Journal Articles on this Report : 4 Displayed | Download in RIS Format

Other subproject views: All 101 publications 43 publications in selected types All 42 journal articles
Other center views: All 334 publications 136 publications in selected types All 132 journal articles
Type Citation Sub Project Document Sources
Journal Article Brown MS, Sarnat SE, DeMuth KA, Brown LAS, Whitlock DR, Brown SW, Tolbert PE, Fitzpatrick AM. Residential proximity to a major roadway is associated with features of asthma control in children. PLoS ONE 2012;7(5):e37044 ( pp.). R834799 (2012)
R834799 (2013)
R834799 (2014)
R834799 (2015)
R834799 (2016)
R834799 (Final)
R834799C002 (2013)
R834799C002 (2014)
R834799C002 (2015)
R834799C002 (Final)
R834799C004 (2012)
R834799C004 (2013)
R834799C004 (2014)
R834799C004 (2015)
R834799C004 (Final)
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  • Journal Article Darrow LA, Hess J, Rogers CA, Tolbert PE, Klein M, Sarnat SE. Ambient pollen concentrations and emergency department visits for asthma and wheeze. Journal of Allergy and Clinical Immunology 2012;130(3):630-638. R834799 (2012)
    R834799 (2013)
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    R834799C004 (2012)
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    R834799C004 (2014)
    R834799C004 (2015)
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  • Journal Article Winquist A, Klein M, Tolbert P, Sarnat SE. Power estimation using simulations for air pollution time-series studies. Environmental Health 2012;11:68 (12 pp.). R834799 (2012)
    R834799 (2013)
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    R834799C004 (2012)
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    R834799C004 (2014)
    R834799C004 (2015)
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  • Journal Article Winquist A, Klein M, Tolbert P, Flanders WD, Hess J, Sarnat SE. Comparison of emergency department and hospital admissions data for air pollution time-series studies. Environmental Health 2012;11:70 (14 pp.). R834799 (2012)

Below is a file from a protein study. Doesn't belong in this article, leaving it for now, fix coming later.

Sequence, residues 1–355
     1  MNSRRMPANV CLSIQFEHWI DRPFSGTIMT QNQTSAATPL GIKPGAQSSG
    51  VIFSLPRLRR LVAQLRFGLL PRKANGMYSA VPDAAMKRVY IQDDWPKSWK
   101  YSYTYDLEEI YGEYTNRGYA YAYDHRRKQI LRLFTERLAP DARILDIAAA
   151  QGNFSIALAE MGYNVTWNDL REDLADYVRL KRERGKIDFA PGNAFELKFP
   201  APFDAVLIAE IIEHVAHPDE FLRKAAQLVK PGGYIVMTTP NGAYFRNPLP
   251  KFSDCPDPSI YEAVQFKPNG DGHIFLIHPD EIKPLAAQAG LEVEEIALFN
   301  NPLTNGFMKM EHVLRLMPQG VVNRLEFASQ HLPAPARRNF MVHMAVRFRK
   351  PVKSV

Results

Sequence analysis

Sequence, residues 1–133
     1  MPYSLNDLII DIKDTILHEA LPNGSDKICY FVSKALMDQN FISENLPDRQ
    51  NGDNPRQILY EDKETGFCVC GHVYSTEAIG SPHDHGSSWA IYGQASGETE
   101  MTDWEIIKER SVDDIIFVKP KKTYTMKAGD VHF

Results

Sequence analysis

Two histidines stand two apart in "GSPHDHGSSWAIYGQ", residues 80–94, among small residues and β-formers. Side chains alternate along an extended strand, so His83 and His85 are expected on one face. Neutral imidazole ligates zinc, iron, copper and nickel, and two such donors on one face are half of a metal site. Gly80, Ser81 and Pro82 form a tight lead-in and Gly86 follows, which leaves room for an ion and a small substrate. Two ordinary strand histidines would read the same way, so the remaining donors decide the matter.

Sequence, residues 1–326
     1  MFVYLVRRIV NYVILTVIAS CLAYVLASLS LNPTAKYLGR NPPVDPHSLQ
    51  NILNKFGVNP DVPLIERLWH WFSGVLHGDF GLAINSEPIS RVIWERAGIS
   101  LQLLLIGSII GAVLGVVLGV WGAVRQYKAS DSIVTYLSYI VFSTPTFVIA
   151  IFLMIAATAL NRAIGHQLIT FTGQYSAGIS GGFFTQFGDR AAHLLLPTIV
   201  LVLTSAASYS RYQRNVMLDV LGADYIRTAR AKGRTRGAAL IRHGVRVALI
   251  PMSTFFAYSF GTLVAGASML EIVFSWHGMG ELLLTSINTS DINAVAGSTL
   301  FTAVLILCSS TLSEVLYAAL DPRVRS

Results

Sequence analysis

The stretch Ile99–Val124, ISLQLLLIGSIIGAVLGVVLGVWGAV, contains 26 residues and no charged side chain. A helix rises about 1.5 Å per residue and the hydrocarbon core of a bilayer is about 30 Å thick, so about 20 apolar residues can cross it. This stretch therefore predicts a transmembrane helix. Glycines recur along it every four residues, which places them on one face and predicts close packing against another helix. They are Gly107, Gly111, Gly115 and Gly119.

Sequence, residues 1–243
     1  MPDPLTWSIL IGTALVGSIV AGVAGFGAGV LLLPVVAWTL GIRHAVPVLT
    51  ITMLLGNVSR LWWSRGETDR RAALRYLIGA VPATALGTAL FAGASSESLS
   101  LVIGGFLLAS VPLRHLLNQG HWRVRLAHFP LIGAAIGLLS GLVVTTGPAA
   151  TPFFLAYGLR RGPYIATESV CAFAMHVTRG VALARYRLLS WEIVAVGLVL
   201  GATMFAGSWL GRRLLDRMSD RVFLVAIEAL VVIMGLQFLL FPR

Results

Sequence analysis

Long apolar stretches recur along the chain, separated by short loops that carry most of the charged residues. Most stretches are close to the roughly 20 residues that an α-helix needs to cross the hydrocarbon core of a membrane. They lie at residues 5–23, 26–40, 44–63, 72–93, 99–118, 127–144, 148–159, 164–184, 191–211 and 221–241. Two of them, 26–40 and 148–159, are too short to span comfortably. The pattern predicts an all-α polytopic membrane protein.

R834799 (2013)
    R834799 (2014)
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    R834799 (Final)
    R834799C004 (2012)
    R834799C004 (2013)
    R834799C004 (2014)
    R834799C004 (2015)
    R834799C004 (Final)
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  • Abstract: Environmental Health-Abstract
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  • Supplemental Keywords:

    ambient air, health effects, sensitive populations, dose-response, cumulative effects, epidemiology, exposure, air quality modeling, PM2.5, fine particulate matter, organics, elemental carbon, metals, oxidants, sulfates, source characterization, Health, Scientific Discipline, Health Risk Assessment, Risk Assessments, Biochemistry, Environmental Monitoring, children's health, particulate matter, ambient air monitoring, morbidity, climate change, air pollution, airshed modeling, ambient particle health effects, susceptibility, human health risk

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    Progress and Final Reports:

    Original Abstract
  • 2011 Progress Report
  • 2013 Progress Report
  • 2014 Progress Report
  • 2015 Progress Report
  • Final Report

  • Main Center Abstract and Reports:

    R834799    The Southeastern Center for Air Pollution and Epidemiology: Multiscale Measurements and Modeling of Mixtures

    Subprojects under this Center: (EPA does not fund or establish subprojects; EPA awards and manages the overall grant for this center).
    R834799C001 Development and Deployment of an Instrumentation Suite for Comprehensive Air Quality Characterization Including Aerosol ROS
    R834799C002 Examining In-Vehicle Pollution and Oxidative Stress in a Cohort of Daily Commuters
    R834799C003 Novel Estimates of Pollutant Mixtures and Pediatric Health in Two Birth Cohorts
    R834799C004 A Multi-City Time-Series Study of Pollutant Mixtures and Acute Morbidity